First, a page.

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A few members of Café et Conversation Midwest join Jeff in taking a brief pause during a meetup at Sonny's in Aksarben Village.

By Jeff koterba

Want to Learn a New Language? Take the Leap!

June 23rd, 2024

As a kid growing up in South Omaha, I was surrounded by languages. My parents were both of Czech ancestry and I occasionally heard them, and other family members, speaking in Czech. In grade school, several of my classmates were Latino, and again, I often heard Spanish spoken by them and their families. While I did pick up on certain words and phrases in Czech and Spanish, respectively, I never fully studied either language.

Somehow, in school, I squeaked by without taking a foreign language. Although in adulthood, I dabbled in languages. Before my first trip abroad—to Russia just after the fall of communism—I studied a wee bit of Russian. And during a nearly two-year stint living in Innsbruck, Austria, I certainly heard German and Italian all the time. But aside from basic greetings and pleasantries in those languages I didn’t go beyond that.


I didn’t think I was capable.

My thoughts on this changed five years ago when I jumped into French language learning.

Ironically, my French journey began back in childhood when there was no French spoken anywhere in my world. But one day in third grade, our teacher rolled in one of those giant projectors. There was something romantic about the projector, almost as though the teacher had brought in an actual theater into our classroom. A theater from Paris.

She showed us a short film called The Red Balloon. If you haven’t seen it, the film captures the story of a boy’s friendship with a balloon as he follows it through the streets of Paris (watch here). I wanted to be that boy in Paris. Even though there’s very little dialogue in the film, in that moment, I was launched on a lifelong love of French culture and of the French language.

Outside of school, I’d watch The Pink Panther and The Inspector cartoons every Saturday morning. It was mostly The Inspector I loved because the series was set in Paris (it would be a few years later I’d learn that those cartoons came not from France, but from Hollywood!).

I’d go exploring in my school library (the now long-gone Hawthorne grade school in South Omaha) for books on French culture, art, and mostly, cartoons. As time went on, it was always in the back of my mind that one day I would learn French.

Later, as a cartoonist for the Omaha World-Herald, I would be invited to France for one of the biggest festivals for newspaper cartoonists in the world. Not in Paris but three hours south in the small town of Saint-Just-le-Martel. It’s a festival I return to nearly every year and through the years I’ve made last friendships with many of the residents. But what kept breaking my heart each year is that we couldn’t really communicate—most of the residents in Saint-Just speak English.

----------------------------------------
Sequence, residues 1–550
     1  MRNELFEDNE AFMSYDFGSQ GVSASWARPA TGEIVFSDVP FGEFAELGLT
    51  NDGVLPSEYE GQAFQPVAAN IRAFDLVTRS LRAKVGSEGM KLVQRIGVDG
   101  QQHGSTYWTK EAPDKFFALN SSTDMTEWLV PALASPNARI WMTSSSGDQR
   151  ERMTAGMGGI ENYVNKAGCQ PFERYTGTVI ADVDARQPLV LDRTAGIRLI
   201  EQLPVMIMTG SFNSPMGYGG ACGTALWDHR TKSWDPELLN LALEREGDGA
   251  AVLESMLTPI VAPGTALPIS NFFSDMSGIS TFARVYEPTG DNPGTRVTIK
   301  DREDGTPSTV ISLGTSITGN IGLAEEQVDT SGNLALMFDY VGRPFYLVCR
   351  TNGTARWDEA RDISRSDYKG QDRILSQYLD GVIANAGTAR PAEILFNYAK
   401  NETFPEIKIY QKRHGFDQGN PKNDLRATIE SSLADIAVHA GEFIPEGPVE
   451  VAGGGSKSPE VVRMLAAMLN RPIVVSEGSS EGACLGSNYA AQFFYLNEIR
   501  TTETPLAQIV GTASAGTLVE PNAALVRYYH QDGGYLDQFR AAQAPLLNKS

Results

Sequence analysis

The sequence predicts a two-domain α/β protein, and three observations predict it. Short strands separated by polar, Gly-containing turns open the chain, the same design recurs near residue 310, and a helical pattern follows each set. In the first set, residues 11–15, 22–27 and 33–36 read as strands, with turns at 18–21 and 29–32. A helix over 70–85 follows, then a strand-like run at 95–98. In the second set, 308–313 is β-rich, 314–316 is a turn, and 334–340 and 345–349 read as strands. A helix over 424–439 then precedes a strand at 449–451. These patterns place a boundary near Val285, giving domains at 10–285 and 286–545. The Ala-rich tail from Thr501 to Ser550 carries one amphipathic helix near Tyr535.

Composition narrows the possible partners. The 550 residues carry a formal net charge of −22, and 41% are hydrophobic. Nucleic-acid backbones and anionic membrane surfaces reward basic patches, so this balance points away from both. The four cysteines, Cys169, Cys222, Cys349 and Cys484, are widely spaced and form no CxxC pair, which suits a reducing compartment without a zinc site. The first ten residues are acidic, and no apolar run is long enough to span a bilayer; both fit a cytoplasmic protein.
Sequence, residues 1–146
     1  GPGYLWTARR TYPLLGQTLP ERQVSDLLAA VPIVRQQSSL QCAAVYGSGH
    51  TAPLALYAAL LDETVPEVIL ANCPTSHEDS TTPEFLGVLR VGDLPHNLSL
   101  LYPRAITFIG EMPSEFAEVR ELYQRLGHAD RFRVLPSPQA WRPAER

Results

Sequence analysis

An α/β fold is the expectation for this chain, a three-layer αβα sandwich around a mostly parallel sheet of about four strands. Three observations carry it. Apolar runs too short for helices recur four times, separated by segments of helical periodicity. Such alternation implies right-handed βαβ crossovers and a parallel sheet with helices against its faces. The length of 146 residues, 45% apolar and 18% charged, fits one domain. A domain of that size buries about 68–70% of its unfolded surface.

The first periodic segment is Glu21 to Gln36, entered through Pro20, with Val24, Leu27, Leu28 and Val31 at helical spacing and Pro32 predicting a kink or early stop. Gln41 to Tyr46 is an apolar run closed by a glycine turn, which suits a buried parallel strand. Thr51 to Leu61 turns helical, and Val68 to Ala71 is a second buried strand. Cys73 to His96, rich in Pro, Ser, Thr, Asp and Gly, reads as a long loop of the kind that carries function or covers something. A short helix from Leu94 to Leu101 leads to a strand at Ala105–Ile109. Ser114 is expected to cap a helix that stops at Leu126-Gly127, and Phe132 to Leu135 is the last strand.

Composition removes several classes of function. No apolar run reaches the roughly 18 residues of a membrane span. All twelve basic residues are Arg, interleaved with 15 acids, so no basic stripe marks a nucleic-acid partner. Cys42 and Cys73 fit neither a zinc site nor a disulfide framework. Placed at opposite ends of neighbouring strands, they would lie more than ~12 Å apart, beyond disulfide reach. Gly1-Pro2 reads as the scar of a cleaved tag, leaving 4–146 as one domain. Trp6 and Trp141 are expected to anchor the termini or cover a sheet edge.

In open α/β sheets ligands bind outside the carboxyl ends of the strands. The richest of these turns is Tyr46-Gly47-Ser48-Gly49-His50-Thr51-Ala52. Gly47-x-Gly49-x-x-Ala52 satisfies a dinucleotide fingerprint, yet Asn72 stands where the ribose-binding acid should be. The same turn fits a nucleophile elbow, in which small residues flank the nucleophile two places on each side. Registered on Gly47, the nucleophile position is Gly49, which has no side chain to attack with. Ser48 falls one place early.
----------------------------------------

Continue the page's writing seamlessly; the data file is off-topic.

Finally, five years ago, I decided to act. Not only did I start with classes from Alliance Française Omaha, but I downloaded French-learning apps and even hired a tutor. The other thing I did right off was to start speaking French. Horrible French. Indeed, possibly the worst French you’ve ever heard.

Didn’t matter. I knew that if I wanted to be progress quickly, I had to get the mouth moving and the muscle memory going. I had to make mistakes.

Alliance had a monthly meetup for speaking French, which was helpful. But I craved more practice. Lots and lots of practice.

So, I launched a free, weekly conversation group now called Café et Conversation Midwest. What started as a group of one—me—has now turned into a group of over 400 members. Our group includes total beginners to advanced speakers—and even native French speakers.

More than anything it’s become a place of kindness and community. Great and helpful humans who just happen to be Francophones. And, oh, the joy of meeting in person!

How about you? Have you been dreaming of learning a second language? Maybe you studied in school, but you haven’t spoken the language in years. Or maybe you’re now finally taking classes or learning by app.

During the KVNO spring fund drive, many of you who donated (thank you!) received as a premium gift, an annual subscription to the language-learning app, Babbel. This isn’t a commercial for Babbel but I’ve been using it for a number of years. Mostly, because it gets you speaking…out loud.

Whatever your preference, there’s no shortage of learning opportunities online and in person. And certainly, many of our local universities and colleges offer language classes. And hey, if a conversation group in your target language doesn’t yet exist, maybe you can launch one!

However you go about it, it’s essential to practice speaking in real time. So, while my journey has been about French (and hopefully other languages in the future), the same theory of jumping in and practicing with others applies to learning any language. Even if it’s intimidating and scary. What’s the worst that can happen? Sure, you might make a mistake, but you’ll learn from it.

When you allow yourself to be vulnerable—when you put yourself out there—that’s when real progress can and will be made. Learning a new language not only builds empathy and confidence, it’s good for the brain. And along the way, it’s likely you’ll make new friends.

So jump in and before you know it, you’ll be speaking trés bien!


Here’s a partial list of learning and conversation opportunities in the area. If you know of others you’d like me to include, or if you’d like tips on starting your own conversation group, please email me:

Spanish meetup

German meetup

German American Society

Omaha Czech Slovak Cultural Club

Café et Conversation Midwest

Alliance FrançaiseOmaha

University language programs:

University of Nebraska at Omaha

Creighton University

Metropolitan Community College